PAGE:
© - Steven A. Cerra, copyright protected; all rights reserved.
This is a second in a series of postings about Hank Mobley, the tenor saxophonist, composer-arranger and bandleader-sideman who lived from 1930-1986.
The essay focuses on Hank’s transition to Europe where he like so many of his Jazz contemporaries would go to “live” after the American public turned away from Jazz and toward the music of the Beatles, and the classic Hard Rock era of both British and American bands and vocalists that came into vogue in the mid -1960s.
It appeared in the January 2004 edition of Jazz Journal International [JJI] and its author, Simon Spillett is himself a recognized Jazz tenor saxophonist and an authority on many of the Great Britain based players of the instrument who blossomed during the second half of the 20th century, most especially Tubby Hayes and Ronnie Scott. You can locate more information about JJI by going here.
In addition to fronting his own quartet, Simon has won several awards for his music, including the tenor saxophone category of the British Jazz Awards (2011), Jazz Journal magazine, Critic's Choice CD of the Year (2009) and Rising Star in the BBC Jazz Awards (2007).
Simon has his own website which you can visit via this link.
© - Simon Spillett, copyright protected; all rights reserved, used with the author’s permission.
The following piece was published in its original form in the English monthly magazine Jazz Journal in 2004 and has since been reproduced on the Organissimo jazz forum.
Since it first appeared, more information on Hank Mobley's European sojourn has come to light, principally through the discovery and issue of recordings made early on during his stay, taped in Holland (released on the album To One So Sweet Stay That Way, 2017). Information gleaned from this recently issued album has enabled me to amend and correct certain “facts” which were stated in my original piece. Other Mobley in Europe recordings have also recently surfaced, including an official commercial release of tapes from the Monmartre in Copenhagen, which were discussed in the course of this essay, and which we now know date to March and not April 1968 as initially thought (Hank Mobley and the Kenny Drew Trio – Blue Bossa).
YouTube is also currently featuring a live radio broadcast pairing Mobley with another American ex-pat tenor legend, Johnny Griffin, recorded in Cologne, again dating to 1968. Equally as important in fleshing out the background to Mobley's move to Europe – and his experiences away from home – John Litweiler's indispensable interview with Hank, dating to 1973, first published in DownBeat, has been uploaded to the internet. I would recommend that readers check out all the above listed “discoveries” alongside the recordings discussed in this article.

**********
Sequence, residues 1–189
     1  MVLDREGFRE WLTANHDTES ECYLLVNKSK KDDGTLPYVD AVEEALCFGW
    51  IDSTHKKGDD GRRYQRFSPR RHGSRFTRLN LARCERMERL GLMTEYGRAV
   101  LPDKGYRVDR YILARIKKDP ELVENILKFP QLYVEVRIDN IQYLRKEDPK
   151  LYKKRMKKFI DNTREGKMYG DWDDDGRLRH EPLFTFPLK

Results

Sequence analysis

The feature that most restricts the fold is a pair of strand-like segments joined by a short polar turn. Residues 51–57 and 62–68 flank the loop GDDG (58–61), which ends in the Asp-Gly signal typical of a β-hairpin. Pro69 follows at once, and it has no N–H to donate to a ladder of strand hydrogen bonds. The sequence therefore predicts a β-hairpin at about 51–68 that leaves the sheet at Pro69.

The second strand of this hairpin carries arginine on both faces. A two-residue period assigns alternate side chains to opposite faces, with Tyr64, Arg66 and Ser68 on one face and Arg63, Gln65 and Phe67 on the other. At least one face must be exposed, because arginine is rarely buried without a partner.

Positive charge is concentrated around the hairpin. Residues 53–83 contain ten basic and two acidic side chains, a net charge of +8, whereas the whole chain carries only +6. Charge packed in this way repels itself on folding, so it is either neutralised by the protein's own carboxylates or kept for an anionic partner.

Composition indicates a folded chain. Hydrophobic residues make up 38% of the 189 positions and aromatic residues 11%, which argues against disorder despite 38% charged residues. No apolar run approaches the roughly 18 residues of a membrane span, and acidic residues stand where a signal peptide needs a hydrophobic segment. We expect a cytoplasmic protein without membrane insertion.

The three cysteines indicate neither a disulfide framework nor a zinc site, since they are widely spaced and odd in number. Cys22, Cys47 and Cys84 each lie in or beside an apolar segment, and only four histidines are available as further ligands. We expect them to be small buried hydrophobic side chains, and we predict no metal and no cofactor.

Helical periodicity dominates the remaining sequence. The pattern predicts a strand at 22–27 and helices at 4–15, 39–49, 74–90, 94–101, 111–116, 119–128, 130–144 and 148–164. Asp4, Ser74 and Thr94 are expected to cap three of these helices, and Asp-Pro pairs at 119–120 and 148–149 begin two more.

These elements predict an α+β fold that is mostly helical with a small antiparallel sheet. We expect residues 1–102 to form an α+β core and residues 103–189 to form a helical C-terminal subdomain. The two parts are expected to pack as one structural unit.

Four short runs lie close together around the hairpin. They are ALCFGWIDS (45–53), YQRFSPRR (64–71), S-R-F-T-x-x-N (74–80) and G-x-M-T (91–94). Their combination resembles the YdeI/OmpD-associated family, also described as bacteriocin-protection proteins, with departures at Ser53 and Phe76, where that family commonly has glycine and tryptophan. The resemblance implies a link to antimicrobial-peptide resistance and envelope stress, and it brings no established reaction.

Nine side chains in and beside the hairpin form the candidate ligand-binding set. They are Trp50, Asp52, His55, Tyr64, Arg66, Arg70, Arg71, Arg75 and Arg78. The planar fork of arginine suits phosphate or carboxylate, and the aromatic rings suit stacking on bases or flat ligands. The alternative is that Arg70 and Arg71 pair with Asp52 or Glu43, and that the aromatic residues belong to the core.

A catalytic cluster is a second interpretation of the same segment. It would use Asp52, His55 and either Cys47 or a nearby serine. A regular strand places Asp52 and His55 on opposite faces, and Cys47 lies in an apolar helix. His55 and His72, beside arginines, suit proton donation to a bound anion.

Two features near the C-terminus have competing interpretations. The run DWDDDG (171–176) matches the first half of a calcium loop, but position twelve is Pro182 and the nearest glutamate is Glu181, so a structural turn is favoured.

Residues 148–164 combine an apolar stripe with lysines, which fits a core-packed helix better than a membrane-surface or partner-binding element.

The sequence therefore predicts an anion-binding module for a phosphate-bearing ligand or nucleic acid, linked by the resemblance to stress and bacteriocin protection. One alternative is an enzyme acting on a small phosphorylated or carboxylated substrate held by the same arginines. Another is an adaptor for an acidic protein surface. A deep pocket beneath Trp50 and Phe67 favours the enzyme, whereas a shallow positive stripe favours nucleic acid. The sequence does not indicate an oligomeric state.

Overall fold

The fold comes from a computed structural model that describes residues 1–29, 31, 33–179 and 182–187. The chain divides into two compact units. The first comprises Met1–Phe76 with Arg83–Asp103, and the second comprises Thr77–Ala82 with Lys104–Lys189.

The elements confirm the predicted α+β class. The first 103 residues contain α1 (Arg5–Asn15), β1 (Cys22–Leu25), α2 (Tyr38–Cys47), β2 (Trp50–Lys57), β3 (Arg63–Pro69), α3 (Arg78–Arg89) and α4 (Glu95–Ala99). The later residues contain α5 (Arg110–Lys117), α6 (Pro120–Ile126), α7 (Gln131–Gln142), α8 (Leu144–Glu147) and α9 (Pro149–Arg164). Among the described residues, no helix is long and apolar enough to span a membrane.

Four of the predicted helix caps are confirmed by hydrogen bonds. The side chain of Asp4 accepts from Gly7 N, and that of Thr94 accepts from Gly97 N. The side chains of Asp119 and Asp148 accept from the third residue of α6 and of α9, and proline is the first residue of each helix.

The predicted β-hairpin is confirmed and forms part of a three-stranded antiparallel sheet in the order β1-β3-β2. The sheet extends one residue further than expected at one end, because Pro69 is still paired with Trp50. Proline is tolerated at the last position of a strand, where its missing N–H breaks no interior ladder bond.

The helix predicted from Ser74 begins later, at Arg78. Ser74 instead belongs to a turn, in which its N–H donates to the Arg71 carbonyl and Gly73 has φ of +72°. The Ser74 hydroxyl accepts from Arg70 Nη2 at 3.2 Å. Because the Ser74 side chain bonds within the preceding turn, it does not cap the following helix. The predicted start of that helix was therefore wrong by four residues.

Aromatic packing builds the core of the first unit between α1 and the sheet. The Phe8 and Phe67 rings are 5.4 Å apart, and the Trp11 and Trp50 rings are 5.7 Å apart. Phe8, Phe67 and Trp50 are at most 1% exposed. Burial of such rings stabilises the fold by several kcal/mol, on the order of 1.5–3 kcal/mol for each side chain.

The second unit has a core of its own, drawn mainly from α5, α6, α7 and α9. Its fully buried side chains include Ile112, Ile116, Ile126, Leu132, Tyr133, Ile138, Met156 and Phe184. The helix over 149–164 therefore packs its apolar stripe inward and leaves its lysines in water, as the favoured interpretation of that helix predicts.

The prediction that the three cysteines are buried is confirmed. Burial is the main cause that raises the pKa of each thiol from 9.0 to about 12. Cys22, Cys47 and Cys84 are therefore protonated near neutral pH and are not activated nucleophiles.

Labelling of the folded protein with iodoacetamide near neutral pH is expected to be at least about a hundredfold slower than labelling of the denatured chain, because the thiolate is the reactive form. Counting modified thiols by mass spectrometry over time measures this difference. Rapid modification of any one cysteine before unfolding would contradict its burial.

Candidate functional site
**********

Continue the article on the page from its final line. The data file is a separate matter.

This piece was among my first published essays on jazz and, several years on, having written over a 100 sleeve notes, many other magazine articles and one full-length jazz biography, it now strikes me as a somewhat gawky early effort. Nevertheless, I've tried to resist the urge to amend too much of the original text, save for instances where I now know I got things badly wrong or – worse still – my use of grammar and syntax was shown to be woefully underdeveloped. To this end, I'm grateful to Steven Cerra for allowing me to do what every published writer would love to do, given half the chance – go back and try to add a bit more spit and polish.
"Lookin' East: Hank Mobley In Europe 1968-70
The circumstances of Hank Mobley's arrival in Britain in the spring of 1968 were very far from dignified. Writer John Fordham has recounted how the saxophonist had telephoned UK club owner and fellow musician Ronnie Scott - one of Mobley's most ardent admirers - from London Airport in the small hours; 'Mobley was sick, broke and physically worn out,' Fordham recounts in his biography of Scott (Jazz Man, Kyle Cathie, 1994) 'and had come to London to seek help from people that he believed appreciated him and his work'.
Shortly afterwards, in an interview with Val Wilmer, Mobley was accurately described as 'the daddy of the hard bop tenor' in recognition of the ubiquity of his influence upon many modern jazz saxophonists who had emerged since the mid-1950s. Praise for Hank's skills was not only forthcoming from fellow saxophonists. Indeed trumpeter Donald Byrd, a regular partner of Mobley's in the original Jazz Messengers co-op venture, and subsequently a frequent collaborator, spoke for many when he summed up Mobley's importance thus - 'He for me, is just as much a personality as Sonny Rollins. I mean he has so definitely established his own sound and style.'